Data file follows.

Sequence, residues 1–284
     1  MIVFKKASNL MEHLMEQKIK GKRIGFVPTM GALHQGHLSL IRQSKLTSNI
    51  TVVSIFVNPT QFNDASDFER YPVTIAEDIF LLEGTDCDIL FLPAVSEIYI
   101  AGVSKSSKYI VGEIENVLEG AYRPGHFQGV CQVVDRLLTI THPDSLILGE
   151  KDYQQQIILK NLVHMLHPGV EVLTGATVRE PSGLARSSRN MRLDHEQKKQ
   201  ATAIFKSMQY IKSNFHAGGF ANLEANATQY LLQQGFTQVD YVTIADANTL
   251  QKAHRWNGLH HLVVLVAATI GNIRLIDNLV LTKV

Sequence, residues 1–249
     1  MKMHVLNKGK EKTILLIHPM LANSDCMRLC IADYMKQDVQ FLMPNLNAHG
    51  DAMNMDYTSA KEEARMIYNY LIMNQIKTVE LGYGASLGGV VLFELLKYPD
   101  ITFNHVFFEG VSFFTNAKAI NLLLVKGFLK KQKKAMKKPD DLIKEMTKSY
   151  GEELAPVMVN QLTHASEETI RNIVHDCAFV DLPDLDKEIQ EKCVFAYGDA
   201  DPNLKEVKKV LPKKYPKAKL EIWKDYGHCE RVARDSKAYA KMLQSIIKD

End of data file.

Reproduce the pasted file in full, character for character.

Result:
Sequence, residues 1–284
     1  MIVFKKASNL MEHLMEQKIK GKRIGFVPTM GALHQGHLSL IRQSKLTSNI
    51  TVVSIFVNPT QFNDASDFER YPVTIAEDIF LLEGTDCDIL FLPAVSEIYI
   101  AGVSKSSKYI VGEIENVLEG AYRPGHFQGV CQVVDRLLTI THPDSLILGE
   151  KDYQQQIILK NLVHMLHPGV EVLTGATVRE PSGLARSSRN MRLDHEQKKQ
   201  ATAIFKSMQY IKSNFHAGGF ANLEANATQY LLQQGFTQVD YVTIADANTL
   251  QKAHRWNGLH HLVVLVAATI GNIRLIDNLV LTKV

Sequence, residues 1–249
     1  MKMHVLNKGK EKTILLIHPM LANSDCMRLC IADYMKQDVQ FLMPNLNAHG
    51  DAMNMDYTSA KEEARMIYNY LIMNQIKTVE LGYGASLGGV VLFELLKYPD
   101  ITFNHVFFEG VSFFTNAKAI NLLLVKGFLK KQKKAMKKPD DLIKEMTKSY
   151  GEELAPVMVN QLTHASEETI RNIVHDCAFV DLPDLDKEIQ EKCVFAYGDA
   201  DPNLKEVKKV LPKKYPKAKL EIWKDYGHCE RVARDSKAYA KMLQSIIKD